Eating and drinking
The Kurds are fanatical about fresh food. To share food together is one of the best and most enjoyable ways for people of two cultures to cross boundaries and to establish a friendship. The land of the Kurds, in the northern part of the Fertile Crescent, (the region in the Middle East where the civilisations of the Middle East began) offers abundant resources for wonderful cooking. Wheat grows on the sunny plains, as do apricot, peach and plum trees. Apples, walnuts, cherries, almonds and pears offer bounty in baskets. Pomegranates, figs and grapes of all varieties delight any guest who is fortunate enough to visit Kurdistan in late summer. Large flocks of sheep and goats, fattened on the tastiest grass of the mountain pastures, are raised for meat as well as for their milk, which is transformed by skilled Kurdish housewives into creamy cheese, white butter and chilled buttermilk. Grape syrup and honey-sweetened bowls of thick yogurt, are delicious, while wild herbs and mushrooms add their delicate flavours to grilled wild partridge and quail.
Pomegranates are a staple in Kurdistan cuisine © Eric Lafforgue
Kurdish cuisine, which has been influenced by Turkish and Iranian dishes, is rich and varied. Before urbanisation, a cooked breakfast and dinner were the main meals as people worked in the fields and did not return home for lunch. Today lunch is the main meal, eaten after 14.00 when offices have shut for the day. Meat, lamb or chicken, in the form of kebabs, are nearly always served during the midday and evening meals. Legendary Arab hospitality is also a Kurdish characteristic and foreigners are oft en invited to stay with families. During the mass exodus of Kurds to the Turkish and Iranian borders after the failed uprising of 1991 the starving refugees were worried about not having any tea to share with personnel from international aid agencies.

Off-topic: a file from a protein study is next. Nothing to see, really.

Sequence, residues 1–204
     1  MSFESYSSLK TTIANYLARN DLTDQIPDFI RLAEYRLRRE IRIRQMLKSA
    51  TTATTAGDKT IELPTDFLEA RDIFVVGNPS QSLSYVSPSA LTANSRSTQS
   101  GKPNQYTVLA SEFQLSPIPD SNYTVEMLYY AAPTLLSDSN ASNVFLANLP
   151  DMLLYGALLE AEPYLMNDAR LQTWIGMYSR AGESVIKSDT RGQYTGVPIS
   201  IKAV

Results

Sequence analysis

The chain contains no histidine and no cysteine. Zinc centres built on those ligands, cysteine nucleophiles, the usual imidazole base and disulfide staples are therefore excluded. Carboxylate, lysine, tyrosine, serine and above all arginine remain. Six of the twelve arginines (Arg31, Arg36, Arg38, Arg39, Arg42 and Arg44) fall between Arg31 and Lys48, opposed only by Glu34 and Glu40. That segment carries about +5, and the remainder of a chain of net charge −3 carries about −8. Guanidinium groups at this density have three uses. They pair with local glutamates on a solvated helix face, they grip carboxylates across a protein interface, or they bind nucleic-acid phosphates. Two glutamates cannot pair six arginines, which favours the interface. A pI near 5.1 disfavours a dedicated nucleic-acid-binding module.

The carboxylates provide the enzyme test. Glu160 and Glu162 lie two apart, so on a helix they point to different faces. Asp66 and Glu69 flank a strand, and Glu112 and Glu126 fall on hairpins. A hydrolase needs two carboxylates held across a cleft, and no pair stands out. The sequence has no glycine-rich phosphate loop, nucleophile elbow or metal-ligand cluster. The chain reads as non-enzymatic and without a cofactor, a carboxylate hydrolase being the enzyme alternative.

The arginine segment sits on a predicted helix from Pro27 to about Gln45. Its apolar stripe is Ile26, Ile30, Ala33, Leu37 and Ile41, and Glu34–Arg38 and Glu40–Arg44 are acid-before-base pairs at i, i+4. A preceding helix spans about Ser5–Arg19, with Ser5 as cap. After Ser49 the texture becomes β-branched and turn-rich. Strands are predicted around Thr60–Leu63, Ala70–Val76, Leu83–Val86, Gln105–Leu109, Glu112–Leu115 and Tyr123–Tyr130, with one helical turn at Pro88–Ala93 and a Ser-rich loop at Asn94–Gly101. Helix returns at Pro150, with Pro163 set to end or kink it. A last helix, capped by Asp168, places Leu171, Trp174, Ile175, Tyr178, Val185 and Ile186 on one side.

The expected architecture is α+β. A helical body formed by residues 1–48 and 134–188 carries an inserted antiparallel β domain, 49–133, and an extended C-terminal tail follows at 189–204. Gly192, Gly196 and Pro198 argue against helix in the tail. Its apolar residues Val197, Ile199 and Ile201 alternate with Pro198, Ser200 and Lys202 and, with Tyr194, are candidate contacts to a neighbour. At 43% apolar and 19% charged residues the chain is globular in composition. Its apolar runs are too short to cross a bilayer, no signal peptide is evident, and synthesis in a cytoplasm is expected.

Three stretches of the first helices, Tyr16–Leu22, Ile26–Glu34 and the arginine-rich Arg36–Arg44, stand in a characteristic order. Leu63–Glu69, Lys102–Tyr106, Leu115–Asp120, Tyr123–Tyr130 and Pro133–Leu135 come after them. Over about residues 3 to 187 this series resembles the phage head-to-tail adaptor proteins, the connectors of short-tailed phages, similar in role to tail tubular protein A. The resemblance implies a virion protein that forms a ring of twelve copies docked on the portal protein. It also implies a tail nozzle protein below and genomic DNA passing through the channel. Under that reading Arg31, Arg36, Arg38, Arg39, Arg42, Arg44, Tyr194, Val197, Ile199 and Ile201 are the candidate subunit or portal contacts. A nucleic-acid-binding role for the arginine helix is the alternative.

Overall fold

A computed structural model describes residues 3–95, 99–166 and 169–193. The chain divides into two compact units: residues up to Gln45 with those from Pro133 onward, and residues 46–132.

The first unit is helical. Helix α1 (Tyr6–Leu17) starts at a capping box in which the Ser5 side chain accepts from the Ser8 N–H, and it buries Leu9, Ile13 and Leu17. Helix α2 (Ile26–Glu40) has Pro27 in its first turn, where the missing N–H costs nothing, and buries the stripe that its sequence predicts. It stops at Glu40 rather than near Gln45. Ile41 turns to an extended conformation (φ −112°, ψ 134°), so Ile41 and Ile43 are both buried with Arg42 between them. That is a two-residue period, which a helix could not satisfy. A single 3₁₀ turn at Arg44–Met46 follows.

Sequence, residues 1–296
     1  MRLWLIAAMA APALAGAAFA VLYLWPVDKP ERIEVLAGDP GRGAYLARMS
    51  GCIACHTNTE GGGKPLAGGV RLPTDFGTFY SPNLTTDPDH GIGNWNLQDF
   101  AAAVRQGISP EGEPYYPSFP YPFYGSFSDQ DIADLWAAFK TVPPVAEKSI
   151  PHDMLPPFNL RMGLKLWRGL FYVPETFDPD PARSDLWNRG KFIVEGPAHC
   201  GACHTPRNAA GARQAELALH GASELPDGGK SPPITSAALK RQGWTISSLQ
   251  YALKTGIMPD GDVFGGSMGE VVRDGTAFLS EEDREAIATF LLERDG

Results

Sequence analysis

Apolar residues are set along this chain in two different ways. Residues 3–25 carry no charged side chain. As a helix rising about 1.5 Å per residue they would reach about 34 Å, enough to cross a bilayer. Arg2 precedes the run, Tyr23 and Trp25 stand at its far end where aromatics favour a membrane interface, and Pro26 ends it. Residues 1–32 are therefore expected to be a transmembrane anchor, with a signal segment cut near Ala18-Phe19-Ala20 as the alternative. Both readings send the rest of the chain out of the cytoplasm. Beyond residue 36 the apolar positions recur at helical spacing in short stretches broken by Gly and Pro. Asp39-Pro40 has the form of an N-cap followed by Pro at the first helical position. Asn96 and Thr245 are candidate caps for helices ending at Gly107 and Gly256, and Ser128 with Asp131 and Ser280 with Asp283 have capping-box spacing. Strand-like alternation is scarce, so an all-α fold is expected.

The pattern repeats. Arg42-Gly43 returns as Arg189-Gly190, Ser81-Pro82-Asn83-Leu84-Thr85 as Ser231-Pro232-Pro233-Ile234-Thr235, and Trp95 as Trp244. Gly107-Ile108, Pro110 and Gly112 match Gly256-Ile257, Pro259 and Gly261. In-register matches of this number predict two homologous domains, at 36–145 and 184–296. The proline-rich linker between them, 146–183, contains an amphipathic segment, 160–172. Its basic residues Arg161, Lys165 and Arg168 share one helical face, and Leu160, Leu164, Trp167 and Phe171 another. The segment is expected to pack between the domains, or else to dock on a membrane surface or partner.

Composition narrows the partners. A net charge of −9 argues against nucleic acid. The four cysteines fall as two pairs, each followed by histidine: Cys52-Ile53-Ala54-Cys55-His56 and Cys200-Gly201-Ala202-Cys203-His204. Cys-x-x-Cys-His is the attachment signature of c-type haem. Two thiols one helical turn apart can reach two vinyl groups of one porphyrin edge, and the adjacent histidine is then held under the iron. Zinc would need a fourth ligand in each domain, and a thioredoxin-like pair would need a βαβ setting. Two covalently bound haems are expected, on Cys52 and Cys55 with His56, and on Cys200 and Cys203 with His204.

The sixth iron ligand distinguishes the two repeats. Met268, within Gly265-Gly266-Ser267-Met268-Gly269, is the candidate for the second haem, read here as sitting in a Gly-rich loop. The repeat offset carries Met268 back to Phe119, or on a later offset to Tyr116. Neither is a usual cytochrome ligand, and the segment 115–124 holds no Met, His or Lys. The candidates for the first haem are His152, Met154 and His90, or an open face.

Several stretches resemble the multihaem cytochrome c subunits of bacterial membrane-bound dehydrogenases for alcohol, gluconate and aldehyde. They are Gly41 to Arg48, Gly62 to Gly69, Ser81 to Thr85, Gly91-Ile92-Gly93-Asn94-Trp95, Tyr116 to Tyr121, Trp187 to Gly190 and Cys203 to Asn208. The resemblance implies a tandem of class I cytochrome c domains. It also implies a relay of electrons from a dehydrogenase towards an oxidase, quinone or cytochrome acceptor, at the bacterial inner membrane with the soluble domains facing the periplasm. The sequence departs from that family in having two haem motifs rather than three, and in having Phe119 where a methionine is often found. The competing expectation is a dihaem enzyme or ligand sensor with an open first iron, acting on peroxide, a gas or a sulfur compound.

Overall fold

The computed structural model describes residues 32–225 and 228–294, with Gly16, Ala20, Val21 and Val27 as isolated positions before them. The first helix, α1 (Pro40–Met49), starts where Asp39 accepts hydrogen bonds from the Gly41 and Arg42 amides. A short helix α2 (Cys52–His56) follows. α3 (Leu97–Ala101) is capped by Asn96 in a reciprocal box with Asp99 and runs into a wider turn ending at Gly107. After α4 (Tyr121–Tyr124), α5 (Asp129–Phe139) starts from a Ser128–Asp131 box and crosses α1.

Accommodation is generally expensive in Kurdistan in comparison with equivalent accommodation in Europe and the US, and mid-range and even top-end equivalent accommodation in Europe and the US, and mid-range and even top-end prices can be paid for what would be classed as budget accommodation in other countries. At the top end of the market, Erbil has luxury hotels with good restaurants, fitness suites and swimming pools, and all the usual facilities you would expect. These hotels are usually frequented by business people and well-heeled ex-pats and can cost up to US$300 per night. Mid-range hotels are a mixed bag, with some charging high prices (US$200+) for the most basic of facilities and amenities. However, there are some which buck the trend, such as Monaco Palace and the Chwar Chra hotels in Erbil. Kurdistan’s budget-priced accommodation is generally of a very poor standard and not recommended. Backpacker hotels can be found in all cities, but very few advertise internationally on the web or have reliable phone lines. A greater selection of reasonably priced hotels can, however, be found in smaller towns such as Zakhu.